Congress and the Libya war: Orwellian logic on both sides
The House of Representatives on June 24 voted 295-123 against a resolution authorizing US participation in the NATO campaign in Libya, dealing a blow to President Barack Obama's decision to wage war without congressional approval. In the face of opposition from conservative Republicans and anti-war Democrats alike, the White House has maintained the Orwellian position that the bombing campaign does not constitute "hostilities" and therefore does not fall under the purview of the War Powers Resolution.
Ignoring the dangerous precedent that Obama's actions set for precisely the kind of imperial presidency that Democrats legitimately feared in Nixon and Bush (and which led to passage of the War Powers Resolution in 1973), his friends in Congress struck stay-the-course tones once associated with their Republican rivals. "The message will go to every nation of the world that America does not keep faith with its allies," said House Minority Whip Steny Hoyer (D-MD) (WSJ, June 24)
President Nicolas Sarkozy of France, with its own imperial ambitions in Africa, lashed out at Washington in similar terms, while refreshingly dropping the fiction that the NATO campaign is anything other than a war on Qaddafi's regime. "I wouldn't say that the bulk of the work in Libya is being done by our American friends," Sarkozy said in remarks to reporters at a European Union summit in Brussels. "We must continue until Mr. Qaddafi leaves." (WP, June 24)
While the Obama administration happily pretends that there is no war underway, international diplomats have been quietly meeting with Libyan rebel leaders to draw up "detailed plans to rebuild the North African nation's economy and society" after Qaddafi has been removed, the AP reports June 24. Unnamed British diplomats told the AP that a team of officials from the UK, US, Italy, Turkey, Denmark and other nations "has spent several weeks in eastern Libya discussing scenarios with opposition leaders."
Unfortunately, the Orwellian logic infects both sides in this debate. Patrick Cockburn in the The Independent of June 24 writes:
Human rights organisations have cast doubt on claims of mass rape and other abuses perpetrated by forces loyal to Colonel Muammar Gaddafi, which have been widely used to justify Nato's war in Libya.
Nato leaders, opposition groups and the media have produced a stream of stories since the start of the insurrection on 15 February, claiming the Gaddafi regime has ordered mass rapes, used foreign mercenaries and employed helicopters against civilian protesters.
An investigation by Amnesty International has failed to find evidence for these human rights violations and in many cases has discredited or cast doubt on them. It also found indications that on several occasions the rebels in Benghazi appeared to have knowingly made false claims or manufactured evidence.
Whoever wrote the photo caption accompanying the story goes one better, writing, "Amnesty has found no solid evidence of the abuse claims levelled at Gaddafi supporters." Oh really? None of the abuse claims? Why don't we take a look at the Amnesty International website? Oh look, the very first press release there is headlined "Libya: Renewed Rocket Attacks Target Civilians in Misratah." It reads, in part:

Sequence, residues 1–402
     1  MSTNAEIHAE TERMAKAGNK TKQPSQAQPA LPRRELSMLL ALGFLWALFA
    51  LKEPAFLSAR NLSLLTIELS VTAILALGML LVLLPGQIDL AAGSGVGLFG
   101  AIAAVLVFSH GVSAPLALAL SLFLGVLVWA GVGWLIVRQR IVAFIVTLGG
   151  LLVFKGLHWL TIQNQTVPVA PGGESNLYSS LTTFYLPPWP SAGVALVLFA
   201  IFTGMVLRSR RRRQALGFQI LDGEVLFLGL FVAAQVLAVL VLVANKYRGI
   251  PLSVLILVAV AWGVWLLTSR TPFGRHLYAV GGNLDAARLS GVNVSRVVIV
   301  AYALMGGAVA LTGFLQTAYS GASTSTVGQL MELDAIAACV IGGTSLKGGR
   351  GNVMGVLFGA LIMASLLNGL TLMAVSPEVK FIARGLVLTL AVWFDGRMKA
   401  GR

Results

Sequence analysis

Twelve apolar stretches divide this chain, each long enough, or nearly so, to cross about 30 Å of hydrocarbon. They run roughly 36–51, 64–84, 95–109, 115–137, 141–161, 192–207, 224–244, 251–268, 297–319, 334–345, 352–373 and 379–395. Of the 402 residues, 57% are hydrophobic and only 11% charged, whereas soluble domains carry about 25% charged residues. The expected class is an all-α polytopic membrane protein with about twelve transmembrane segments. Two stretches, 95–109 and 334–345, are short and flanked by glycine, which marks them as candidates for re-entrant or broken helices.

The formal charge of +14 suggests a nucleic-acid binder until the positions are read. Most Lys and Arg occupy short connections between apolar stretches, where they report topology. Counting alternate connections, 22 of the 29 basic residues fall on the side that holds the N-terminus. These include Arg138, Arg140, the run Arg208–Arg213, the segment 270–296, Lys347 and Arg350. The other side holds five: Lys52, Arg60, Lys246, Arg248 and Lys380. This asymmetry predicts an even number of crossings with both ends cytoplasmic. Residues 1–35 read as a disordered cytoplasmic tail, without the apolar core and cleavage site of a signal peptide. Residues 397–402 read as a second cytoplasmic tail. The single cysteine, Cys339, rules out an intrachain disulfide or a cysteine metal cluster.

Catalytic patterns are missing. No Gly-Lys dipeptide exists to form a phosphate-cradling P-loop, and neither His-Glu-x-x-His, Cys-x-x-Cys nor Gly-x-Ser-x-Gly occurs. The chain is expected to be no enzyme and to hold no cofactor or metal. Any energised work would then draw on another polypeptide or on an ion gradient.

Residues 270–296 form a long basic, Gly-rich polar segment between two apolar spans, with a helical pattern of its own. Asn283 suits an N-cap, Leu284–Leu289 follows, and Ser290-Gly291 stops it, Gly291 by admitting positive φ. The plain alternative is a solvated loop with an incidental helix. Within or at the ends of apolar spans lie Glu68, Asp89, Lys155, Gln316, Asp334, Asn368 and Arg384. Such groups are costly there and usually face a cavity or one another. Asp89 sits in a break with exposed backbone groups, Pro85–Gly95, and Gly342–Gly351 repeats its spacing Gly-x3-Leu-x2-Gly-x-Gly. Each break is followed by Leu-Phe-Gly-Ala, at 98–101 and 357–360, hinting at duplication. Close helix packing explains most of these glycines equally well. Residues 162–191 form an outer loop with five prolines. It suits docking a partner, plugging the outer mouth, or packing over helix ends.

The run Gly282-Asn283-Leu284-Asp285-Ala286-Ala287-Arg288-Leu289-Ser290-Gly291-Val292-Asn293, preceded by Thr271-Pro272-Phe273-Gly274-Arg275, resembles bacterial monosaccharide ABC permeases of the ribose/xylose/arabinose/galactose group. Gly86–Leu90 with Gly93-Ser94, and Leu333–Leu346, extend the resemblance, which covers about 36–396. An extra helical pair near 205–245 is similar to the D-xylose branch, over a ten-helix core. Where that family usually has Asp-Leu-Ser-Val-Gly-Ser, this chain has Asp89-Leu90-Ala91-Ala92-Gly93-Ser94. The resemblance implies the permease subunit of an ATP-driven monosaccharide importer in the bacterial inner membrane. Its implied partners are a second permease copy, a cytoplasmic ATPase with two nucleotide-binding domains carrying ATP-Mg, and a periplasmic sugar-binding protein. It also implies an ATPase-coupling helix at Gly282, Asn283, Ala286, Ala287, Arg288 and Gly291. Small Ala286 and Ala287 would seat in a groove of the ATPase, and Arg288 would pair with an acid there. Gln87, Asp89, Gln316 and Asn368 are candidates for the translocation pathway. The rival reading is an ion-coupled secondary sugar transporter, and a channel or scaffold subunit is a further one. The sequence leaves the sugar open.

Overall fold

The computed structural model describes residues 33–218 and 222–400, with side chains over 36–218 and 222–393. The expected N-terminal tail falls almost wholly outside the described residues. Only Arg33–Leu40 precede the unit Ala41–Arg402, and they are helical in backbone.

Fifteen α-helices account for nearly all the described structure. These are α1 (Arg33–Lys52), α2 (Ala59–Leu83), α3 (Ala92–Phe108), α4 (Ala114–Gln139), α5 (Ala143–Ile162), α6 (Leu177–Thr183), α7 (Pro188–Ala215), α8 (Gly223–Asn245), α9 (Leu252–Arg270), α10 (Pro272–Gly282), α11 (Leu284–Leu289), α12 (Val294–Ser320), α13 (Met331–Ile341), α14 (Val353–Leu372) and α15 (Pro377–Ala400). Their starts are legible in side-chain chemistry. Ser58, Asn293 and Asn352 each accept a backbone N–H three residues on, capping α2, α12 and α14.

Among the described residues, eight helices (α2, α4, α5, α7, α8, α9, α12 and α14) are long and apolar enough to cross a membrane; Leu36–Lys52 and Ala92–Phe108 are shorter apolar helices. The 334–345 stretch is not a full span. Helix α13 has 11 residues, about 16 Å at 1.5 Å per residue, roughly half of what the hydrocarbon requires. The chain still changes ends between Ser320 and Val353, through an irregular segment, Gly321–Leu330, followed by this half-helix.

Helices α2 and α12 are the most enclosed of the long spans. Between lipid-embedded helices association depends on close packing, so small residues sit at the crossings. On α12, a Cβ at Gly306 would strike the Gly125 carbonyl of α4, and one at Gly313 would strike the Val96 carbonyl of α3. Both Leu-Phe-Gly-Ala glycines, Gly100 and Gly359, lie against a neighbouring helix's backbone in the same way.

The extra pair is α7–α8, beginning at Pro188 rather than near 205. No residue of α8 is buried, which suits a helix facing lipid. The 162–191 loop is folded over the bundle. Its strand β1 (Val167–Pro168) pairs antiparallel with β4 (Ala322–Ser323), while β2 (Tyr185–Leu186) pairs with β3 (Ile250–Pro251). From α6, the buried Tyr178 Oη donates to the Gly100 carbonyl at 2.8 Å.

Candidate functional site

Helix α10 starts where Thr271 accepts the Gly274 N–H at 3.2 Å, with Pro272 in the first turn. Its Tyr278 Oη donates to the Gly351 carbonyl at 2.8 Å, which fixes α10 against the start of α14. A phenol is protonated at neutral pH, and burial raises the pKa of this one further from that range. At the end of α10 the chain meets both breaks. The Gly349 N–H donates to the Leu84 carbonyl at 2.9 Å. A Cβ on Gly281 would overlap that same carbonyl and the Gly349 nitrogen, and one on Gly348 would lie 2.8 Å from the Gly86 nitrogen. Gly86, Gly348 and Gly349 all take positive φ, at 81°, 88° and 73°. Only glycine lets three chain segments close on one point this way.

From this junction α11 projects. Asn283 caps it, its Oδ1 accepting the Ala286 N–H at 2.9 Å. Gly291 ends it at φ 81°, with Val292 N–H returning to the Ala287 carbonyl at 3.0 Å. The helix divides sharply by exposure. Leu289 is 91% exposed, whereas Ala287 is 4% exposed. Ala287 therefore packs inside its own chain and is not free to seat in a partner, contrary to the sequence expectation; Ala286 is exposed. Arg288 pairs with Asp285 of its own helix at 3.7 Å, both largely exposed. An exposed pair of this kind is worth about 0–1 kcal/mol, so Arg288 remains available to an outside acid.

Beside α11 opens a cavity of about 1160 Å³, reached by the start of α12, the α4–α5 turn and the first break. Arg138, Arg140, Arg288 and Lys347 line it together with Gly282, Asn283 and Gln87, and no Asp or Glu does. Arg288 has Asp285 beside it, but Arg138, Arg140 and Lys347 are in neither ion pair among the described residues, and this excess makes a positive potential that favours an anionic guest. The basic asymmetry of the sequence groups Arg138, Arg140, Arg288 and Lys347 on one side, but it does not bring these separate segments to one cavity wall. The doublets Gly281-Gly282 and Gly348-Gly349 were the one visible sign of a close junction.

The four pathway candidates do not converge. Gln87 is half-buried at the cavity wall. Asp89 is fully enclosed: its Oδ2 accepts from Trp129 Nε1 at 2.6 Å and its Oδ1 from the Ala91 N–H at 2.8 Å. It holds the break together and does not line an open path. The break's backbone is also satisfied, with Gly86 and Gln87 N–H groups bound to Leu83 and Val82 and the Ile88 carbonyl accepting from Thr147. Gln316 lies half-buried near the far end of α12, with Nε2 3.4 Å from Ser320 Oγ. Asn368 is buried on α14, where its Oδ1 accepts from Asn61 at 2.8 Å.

Forces loyal to Libyan Colonel Mu'ammar al-Gaddafi are once again targeting civilians in Misratah by firing rockets, some containing ball bearings, into the city’s residential areas, Amnesty International said today.
At least three civilians, a 14-year-old boy and two women were killed and several others, including children, were injured in recent days when "Grad" rockets struck their homes in the port city’s residential neighbourhoods.
These rockets are indiscriminate weapons which cannot be directed at a particular target and their use may amount to war crimes.
"Families in Misratah are once again living in fear of being killed as rockets rain down on their homes and it’s impossible for the terrified residents to find safe shelter," said Donatella Rovera, Amnesty International’s Senior Crisis Response Adviser.
So it seems that, contrary to the implication of Cockburn's reportage (and especially The Independent's caption writer), Amnesty has actually verified some of the claims of atrocities being made against Qaddafi. And as we pointed out when the rape claims first surfaced several weeks ago, some of them, alas, seem all too credible.
AlJazeera reports June 21 that in areas of Libya's Western Mountains where indigenous Berber rebels have seized control, they have established radio stations, schools and newspapers in their own language, Amazigh—"that just a few months ago it was illegal to speak." But BBC News reports June 24 that the Berber rebel enclaves in the Western Mountains are "pinned down" by Qaddafi's forces, short of heavy weapons, and are asking "NATO to do more."
Ignoring this reality does not serve the anti-intervention cause—it just makes it look dishonest.
Patrick Cockburn is actually a small offender in this regard, compared to Glen Greewald, who portrays "regime change" in Libya only as a conspiracy of Western oil companies rather than the aim of the Libyan people in arms. Far worse still is Cynthia McKinney, who has become a (presumably) unpaid propaganda agent of the Qaddafi regime. So anti-war voices have only become more muddled and problematic since the last time we examined the Western left's response to the intervention, when the bombing first started in March.
Is an anti-intervention position that doesn't betray the Libyan rebels possible? We'd like to think so. But frankly, we haven't heard it yet.